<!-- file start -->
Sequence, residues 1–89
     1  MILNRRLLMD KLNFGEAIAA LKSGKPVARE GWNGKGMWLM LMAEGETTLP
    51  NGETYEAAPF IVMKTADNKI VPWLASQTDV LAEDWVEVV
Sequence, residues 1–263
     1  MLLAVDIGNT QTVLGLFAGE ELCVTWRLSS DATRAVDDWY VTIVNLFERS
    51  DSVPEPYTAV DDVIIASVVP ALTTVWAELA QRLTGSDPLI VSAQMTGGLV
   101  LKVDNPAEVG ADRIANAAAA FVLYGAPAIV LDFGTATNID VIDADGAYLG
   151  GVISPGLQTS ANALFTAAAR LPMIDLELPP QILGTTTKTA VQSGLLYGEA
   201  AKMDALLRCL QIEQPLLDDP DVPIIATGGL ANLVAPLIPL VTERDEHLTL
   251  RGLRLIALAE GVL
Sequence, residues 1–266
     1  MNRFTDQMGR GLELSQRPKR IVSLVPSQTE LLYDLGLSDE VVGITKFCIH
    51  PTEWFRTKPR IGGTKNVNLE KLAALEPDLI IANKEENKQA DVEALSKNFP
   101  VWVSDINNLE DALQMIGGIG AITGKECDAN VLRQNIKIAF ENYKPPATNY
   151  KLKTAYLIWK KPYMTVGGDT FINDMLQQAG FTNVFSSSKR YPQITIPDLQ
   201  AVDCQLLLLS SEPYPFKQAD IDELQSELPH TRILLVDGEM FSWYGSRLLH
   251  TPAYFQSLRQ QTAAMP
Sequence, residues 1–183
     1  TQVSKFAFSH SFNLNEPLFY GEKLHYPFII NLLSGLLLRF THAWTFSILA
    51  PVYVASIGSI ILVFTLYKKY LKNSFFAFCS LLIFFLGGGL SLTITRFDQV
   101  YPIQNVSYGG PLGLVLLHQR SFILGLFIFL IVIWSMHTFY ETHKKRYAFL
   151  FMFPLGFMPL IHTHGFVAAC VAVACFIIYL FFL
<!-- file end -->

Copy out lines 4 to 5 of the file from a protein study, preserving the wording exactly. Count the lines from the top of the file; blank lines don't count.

Sequence, residues 1–263
     1  MLLAVDIGNT QTVLGLFAGE ELCVTWRLSS DATRAVDDWY VTIVNLFERS